While there needs to be consistency across the state, McLaurin said, the state legislature sometimes meddles too much in the business of municipalities.
“Local governments need to make decisions that impact local communities. We don’t need to be overreaching and dictating how municipalities generate those local revenues,” McLaurin said.
The business privilege taxes did happen to place an undue burden on small businesses in certain areas, McLaurin said.
With the extension of the privilege tax licenses being in effect for another year, McLaurin said he is confident a reasonable compromise will be reached.
“The majority party has overreached in a number of cases, and the privilege tax issue is one of those. Our local governments provide so many services and help with economic development,” McLaurin said. “We cannot be restrictive in Raleigh, be the know-all and try to micromanage the local governments. They need to have the flexibility to do what they need to do.”
N.C. Rep. Harry Warren, R-Rowan, said he agrees with the concept of the privilege tax as he as lived in different states.
“Most times, there are consistent prices for doing business within a town — not based on how much business the entity is doing in town,” Warren said.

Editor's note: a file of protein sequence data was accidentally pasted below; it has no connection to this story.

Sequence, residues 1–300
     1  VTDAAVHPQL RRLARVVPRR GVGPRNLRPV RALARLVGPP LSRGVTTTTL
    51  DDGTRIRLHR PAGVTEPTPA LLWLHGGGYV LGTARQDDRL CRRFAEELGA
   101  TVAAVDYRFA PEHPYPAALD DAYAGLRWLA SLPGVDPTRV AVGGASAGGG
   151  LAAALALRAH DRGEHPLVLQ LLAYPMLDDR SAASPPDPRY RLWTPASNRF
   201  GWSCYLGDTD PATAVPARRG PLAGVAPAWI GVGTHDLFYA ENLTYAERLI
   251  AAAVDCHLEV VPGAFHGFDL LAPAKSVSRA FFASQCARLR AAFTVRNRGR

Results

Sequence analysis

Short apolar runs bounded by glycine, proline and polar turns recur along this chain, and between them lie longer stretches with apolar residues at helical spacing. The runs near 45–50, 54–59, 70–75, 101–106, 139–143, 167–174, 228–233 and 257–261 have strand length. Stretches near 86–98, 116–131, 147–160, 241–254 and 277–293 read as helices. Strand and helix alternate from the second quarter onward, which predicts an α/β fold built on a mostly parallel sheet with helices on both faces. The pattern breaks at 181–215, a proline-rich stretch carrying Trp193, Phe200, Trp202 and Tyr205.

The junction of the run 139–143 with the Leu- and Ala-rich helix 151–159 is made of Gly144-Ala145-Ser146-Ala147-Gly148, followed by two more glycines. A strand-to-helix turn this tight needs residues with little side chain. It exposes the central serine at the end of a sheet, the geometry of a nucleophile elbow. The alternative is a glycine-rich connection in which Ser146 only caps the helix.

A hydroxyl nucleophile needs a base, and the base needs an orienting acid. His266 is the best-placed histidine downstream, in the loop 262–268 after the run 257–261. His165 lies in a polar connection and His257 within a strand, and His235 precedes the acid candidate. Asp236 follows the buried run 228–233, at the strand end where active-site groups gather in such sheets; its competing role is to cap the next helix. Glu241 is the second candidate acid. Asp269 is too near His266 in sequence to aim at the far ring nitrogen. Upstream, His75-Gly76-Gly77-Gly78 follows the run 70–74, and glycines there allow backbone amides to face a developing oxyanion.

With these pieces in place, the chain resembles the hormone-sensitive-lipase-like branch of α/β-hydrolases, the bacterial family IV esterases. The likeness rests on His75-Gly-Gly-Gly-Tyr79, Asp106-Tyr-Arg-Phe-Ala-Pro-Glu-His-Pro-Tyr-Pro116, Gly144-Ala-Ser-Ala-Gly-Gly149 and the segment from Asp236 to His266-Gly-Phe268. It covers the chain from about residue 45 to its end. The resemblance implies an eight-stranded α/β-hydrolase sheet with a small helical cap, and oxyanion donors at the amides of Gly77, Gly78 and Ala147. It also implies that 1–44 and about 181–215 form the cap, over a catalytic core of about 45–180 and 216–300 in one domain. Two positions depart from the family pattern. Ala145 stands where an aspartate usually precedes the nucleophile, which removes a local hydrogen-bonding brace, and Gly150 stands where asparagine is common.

During talks in Raleigh, Warren said lawmakers examined some cases where the privilege tax license was “used pretty egregiously,” including Charlotte.
Warren said Rowan County was one of 88 counties where businesses were paying a privilege tax for doing business in Charlotte.
Charlotte also used the tax with businesses in a slew of other states as well as in other countries.
Although the sunset of the privilege tax will take a heavier toll on larger municipalities like cities, Warren said it is important to demonstrate uniformity and fairness to businesses across the board.
“Some didn’t use the privilege tax at all, and this won’t have an impact on them,” Warren said. “However, reform was definitely needed.”
Lawmakers will address finding a remedy for municipalities when the privilege tax goes away, Warren said.
N.C. Rep. Carl Ford, R-Cabarrus, said legislators looked at Charlotte in particular.
“If you do business in Charlotte, they want you paying the privilege license tax. There were businesses located in 88 of the state’s counties, 48 states and four other countries that are paying Charlotte. That’s egregious,” Ford said. “The bill had strong bipartisan support.”